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R&R 039 | Northline

R&R 038 is ready, but on hold for publishing here – I hope to add it soon!

Willy Vlautin
Northline
First published in: 2008
This edition: Faber & Faber, 2008
Cover design by Faber
Cover illustration by Nate Beaty
Soundtrack by Willy Vlautin & Paul Brainard

Last summer I got it into my head to try and find a book that I’d read about once, but all I could remember was that the cover had a pretty illustration of a snowglobe on it, and the book included an accompanying soundtrack. Failing to remember the author’s name or the full title was not exactly helpful. It wasn't until the very last day of my summer traveling, when I hopped into a giganormous Borders store, when a stroke of pure luck put me in front of the bookcase which held a copy of Willy Vlautin's "Northline". My eyes resting on its spine, my hands already gravitating towards it, I immediately recognized it as the book I’d been searching for. What a relief.

Being new to Vlautin, his second novel “Northline” has taken me by surprise. I was expecting a sweet and lovely story telling one of those rare stories that will inspire you, one you won’t forget. What I ended up reading, is the complete opposite of ‘nice’… it’s even better than I had hoped for.

Is this a beautiful book or a comfortable one? No. Not this. This is raw.

Vlautin has written a book that isn't sweet, but brutal in its honesty, an eye-opener to life in the poverty-stricken class of America’s society. The book’s characters aren't Miss USA contestants or suited up businessmen, but troubled people. There’s bad people… but also those good, kind-hearted people trapped in really bad situations – people such as Allison (the girl, Vlautin calls her), a young woman who flees an abusive relationship and hitchhikes to Reno to build up a new life for herself there.

Struggling with her tremendously low self-esteem, she finds solace in her imaginary conversations with (the late) Paul Newman, her hero. Some people get a manicure to feel better, others imagine they're chatting with their biggest inspirations. Paul Newman berates Allison for beating down on herself too hard, and paves the road leading her to aspire to fight for herself. Those conversations at times seemed to exist so Vlautin could show off his knowledge of the movies Paul Newman’s starred in and what character he played "in that one" and "in that one". But the idea was charming, nonetheless, and necessary too, I think. Paul Newman provides a gentle counterbalance, a bright force illuminating Allison’s darker experiences, which are divulged in the book.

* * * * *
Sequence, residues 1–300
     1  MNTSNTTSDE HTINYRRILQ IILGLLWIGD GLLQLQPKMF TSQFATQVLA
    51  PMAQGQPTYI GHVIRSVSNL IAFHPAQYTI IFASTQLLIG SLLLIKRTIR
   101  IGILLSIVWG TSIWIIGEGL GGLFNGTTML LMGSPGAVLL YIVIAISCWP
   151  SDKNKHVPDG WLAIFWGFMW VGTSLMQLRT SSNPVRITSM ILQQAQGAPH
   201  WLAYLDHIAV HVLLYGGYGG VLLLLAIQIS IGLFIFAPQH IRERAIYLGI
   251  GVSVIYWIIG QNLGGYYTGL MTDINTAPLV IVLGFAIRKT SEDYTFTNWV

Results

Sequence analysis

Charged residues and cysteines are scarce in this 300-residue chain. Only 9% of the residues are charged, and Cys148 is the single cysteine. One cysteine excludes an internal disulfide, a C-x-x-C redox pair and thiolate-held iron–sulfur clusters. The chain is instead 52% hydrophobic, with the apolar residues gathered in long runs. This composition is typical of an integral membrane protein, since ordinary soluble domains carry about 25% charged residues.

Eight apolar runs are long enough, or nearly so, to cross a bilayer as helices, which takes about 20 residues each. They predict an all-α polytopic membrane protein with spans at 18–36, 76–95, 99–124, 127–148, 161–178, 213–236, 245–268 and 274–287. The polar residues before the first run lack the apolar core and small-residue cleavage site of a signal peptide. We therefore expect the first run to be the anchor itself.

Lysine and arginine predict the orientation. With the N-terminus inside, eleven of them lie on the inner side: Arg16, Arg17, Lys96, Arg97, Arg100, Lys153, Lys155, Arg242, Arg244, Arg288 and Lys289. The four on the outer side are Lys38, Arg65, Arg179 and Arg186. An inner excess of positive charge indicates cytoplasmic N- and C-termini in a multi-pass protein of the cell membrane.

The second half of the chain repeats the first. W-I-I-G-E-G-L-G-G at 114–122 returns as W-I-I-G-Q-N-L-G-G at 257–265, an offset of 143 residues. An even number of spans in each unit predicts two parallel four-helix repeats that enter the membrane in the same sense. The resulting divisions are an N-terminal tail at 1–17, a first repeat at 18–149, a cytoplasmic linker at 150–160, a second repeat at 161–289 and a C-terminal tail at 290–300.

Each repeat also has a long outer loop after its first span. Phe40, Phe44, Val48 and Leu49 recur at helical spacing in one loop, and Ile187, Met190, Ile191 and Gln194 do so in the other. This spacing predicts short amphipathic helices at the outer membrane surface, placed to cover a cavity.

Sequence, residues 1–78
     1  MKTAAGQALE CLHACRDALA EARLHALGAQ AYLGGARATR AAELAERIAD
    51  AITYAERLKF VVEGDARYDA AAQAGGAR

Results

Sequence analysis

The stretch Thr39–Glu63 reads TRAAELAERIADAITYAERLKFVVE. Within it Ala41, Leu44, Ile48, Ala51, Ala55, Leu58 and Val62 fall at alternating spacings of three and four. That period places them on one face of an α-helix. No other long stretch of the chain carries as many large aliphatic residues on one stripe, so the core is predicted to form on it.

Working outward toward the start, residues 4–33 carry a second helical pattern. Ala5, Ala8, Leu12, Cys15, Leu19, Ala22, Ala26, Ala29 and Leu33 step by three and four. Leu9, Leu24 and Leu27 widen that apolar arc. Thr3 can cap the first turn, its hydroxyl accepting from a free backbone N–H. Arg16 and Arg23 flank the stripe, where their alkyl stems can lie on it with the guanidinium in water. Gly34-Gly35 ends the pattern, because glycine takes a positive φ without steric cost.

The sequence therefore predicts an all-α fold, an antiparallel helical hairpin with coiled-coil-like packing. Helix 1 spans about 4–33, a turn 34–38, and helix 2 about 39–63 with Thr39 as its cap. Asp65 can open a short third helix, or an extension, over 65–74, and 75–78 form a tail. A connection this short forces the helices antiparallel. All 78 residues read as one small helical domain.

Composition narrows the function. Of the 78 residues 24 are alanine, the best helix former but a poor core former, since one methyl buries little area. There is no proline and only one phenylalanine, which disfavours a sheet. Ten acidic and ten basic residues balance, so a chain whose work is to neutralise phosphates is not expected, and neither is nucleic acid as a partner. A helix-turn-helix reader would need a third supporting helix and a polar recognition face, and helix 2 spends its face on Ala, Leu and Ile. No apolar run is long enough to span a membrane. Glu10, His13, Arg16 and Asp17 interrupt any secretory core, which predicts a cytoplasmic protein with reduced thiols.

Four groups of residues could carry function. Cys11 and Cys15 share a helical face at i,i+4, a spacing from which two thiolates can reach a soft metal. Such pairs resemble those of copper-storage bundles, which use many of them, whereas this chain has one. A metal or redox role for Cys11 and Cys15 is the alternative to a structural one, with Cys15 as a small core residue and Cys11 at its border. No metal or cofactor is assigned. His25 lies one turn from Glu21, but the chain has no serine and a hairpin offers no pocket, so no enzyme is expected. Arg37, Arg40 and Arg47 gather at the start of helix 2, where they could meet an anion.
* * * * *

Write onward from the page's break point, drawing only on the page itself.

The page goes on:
As raw as “Northline” is, it is uplifting without being overly sentimental. The things that happen in Allison’s life, good and bad, are told by Vlautin pretty much objectively and it is up to you to react to it. This novel is written with a nonchalant air: feel as you must about it. I happened to be moved by the everyday kindnesses of the new people in Allison’s life, people who show to have faith in her through little things. When I finished, it all left me feeling cozy and optimistic in the end, but not in that fairytale kind of way. This was realistic, human.

The alt-county instrumental soundtrack which is included in my edition of the book matches the novel’s melancholic but hopeful atmosphere, helping to gain a better understanding of everything that happens from Allison’s point of view and how she might be processing it all. Vlautin, who’s also in the band Richmond Fontaine, has proven himself to be a talented writer and musician, and has shown himself to be gifted at combining both of his skills.

4.5/5

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R&R series (and its photos, reviews) © Karin Elizabeth 2008-2009

Karin Elizabeth
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